The milky gunpowder smoke smeared the air with a sulfurous haze and the taste of burnt metal. Washington stood exposed on the right, sword in hand, shouting orders to his men. An officer must post himself in the thickest of the fighting — throughout his military career, Washington would never shirk the danger of combat. He heard the thud of a bullet tear into the torso of the man beside him. A leaden musket ball three-quarters of an inch across could penetrate six inches of pine. Its effect on flesh from short range was murderous. The Virginian fell heavily to the ground, blood gushing.
The enemy were running, intent on escape. Faces painted with yellow, black, and red stripes suddenly leered through the leaves in front of them. The Frenchmen came sprinting back, throwing down their weapons, begging for mercy.
Washington's initial taste of combat, lasting less than fifteen minutes, had ended in the savor of victory. Still sizzling with adrenaline, he would write to his eighteen-year-old brother Jack, "I can with truth assure you, I heard Bulletts whistle and believe me there was something charming in the sound." What happened next was not charming, and Washington would write of it to no one.
As the Indians pushed forward, Washington ordered his men, giddy with the thrill of their first fight, to close ranks around the French prisoners. The frightened captives cringed at the Indian war whoops. Their ten wounded comrades sobbed as pain lit their flesh. In the confusion, Washington's interpreter was conveying the words of a man who said he was Ensign Joseph Coulon de Villiers, sieur de Jumonville, the commander of this small battalion. The British officer, Jumonville insisted, had made a mistake. The French soldiers were not a war party, merely an escort. He was an envoy sent to deliver a message from His Most Christian Majesty Louis XV, le roi. He produced a document that established his authority and contained a proclamation.
His words clouded Washington's mind. Violating the customs of diplomacy could stain a man's honor. Worse, his blunder could spark a war. Britain and France had managed six years of uneasy peace since the Treaty of Aix-la-Chapelle. This incident might threaten the delicate equilibrium.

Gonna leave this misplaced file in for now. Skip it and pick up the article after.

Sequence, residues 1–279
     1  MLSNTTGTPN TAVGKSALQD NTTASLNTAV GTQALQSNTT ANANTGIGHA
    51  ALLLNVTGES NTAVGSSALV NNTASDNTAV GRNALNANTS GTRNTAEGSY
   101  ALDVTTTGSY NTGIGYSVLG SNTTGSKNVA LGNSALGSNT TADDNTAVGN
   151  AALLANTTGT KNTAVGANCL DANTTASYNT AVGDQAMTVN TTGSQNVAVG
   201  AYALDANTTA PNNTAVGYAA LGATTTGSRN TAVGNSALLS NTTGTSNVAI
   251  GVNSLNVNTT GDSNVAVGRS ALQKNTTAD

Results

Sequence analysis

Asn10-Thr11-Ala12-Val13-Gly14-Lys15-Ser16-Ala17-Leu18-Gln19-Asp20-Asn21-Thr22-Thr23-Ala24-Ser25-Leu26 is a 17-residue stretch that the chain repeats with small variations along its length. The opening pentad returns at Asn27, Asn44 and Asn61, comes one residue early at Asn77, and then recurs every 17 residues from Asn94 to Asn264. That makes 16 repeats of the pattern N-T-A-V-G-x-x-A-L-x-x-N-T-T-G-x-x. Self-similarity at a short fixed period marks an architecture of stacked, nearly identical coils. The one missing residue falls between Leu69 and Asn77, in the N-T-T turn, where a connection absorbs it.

One of Jumonville's aides began to read the proclamation in French. The decree claimed the Ohio region for France based on the explorations of La Salle in the 1680s. Washington was chagrined by his own ignorance of French, the language of European culture and diplomacy. Tanaghrisson, an overseer of the interests of the Iroquois federation in the region, knew French well and keenly understood the situation. Discord between his British allies and the encroaching French was what he wanted, was why he had brought the Virginians to this glen. He approached Jumonville and said in French, "You are not yet dead, my father."
Mon pére. He jerked his tomahawk high and brought it down on Jumonville's skull. Another blow struck off the nobleman's cranium. The Half King returned his bloody weapon to his belt and plunged his hand into the pulp of Jumonville's head. He tore out the man's brain and mashed it between his palms.
A minute earlier, Washington had been concerned about diplomatic protocol. Now he faced responsibility for the murder of a royal envoy.Savagery was staring him in the face. Tanaghrisson's braves leapt onto the wounded Frenchmen, slit their scalps, and peeled their hair away. They decapitated one of the enemy soldiers and raised his head on a pole. They danced, sang. Licks of blood splashed onto the green shoots of the springtime forest.
Red is a startling color in a world of greens and browns. Before marching, Washington had hoped to outfit himself and his company with scarlet uniforms. To Indians, Washington wrote, the color red is "compared to Blood and is look'd upon as the distinguishing marks of Warriours and great Men." He added, "It is the nature of Indians to be struck with, and taken by show."
Now it was the young commander who was being struck by show, who was getting an eyeful of the bloody hue. The intimacy of the violence hurled him across the gap that separates the fighting man from the farmer, the surveyor, or the drawing-room gentleman. The rush of uncontrollable events, the impinging chaos, and the shame at witnessing the butchering of one's own species were his sudden initiation into the cold-minded fraternity of the warrior.
* * *
The Virginians hurried their surviving twenty-one French prisoners back to their own camp in a clearing called the Great Meadow. The drama was playing out sixty miles southeast of the Forks of the Ohio, the site of present-day Pittsburgh, where the Monongahela and Allegheny Rivers merge to form the Ohio River. The French had recently ousted the British from this strategic spot and had begun to construct Fort Duquesne.
Robert Dinwiddie, the beefy lieutenant governor of Virginia, had sent Washington and 160 militiamen marching through miles of gloomy, cantankerous forest to defend the critical Forks. Virginia authorities asserted that their territory extended westward to the Mississippi. They were growing increasingly aware of the value of this frontier land and were determined to ward off French domination of the Ohio country.
Following the violence at what would be known as Jumonville Glen, Washington was by turns cocky and nervous. One minute, the young soldier proclaimed that he had "the resolution to Face what any Man durst." The next, he was writing to Dinwiddie that he wished himself "under the Command off an experienced Officer."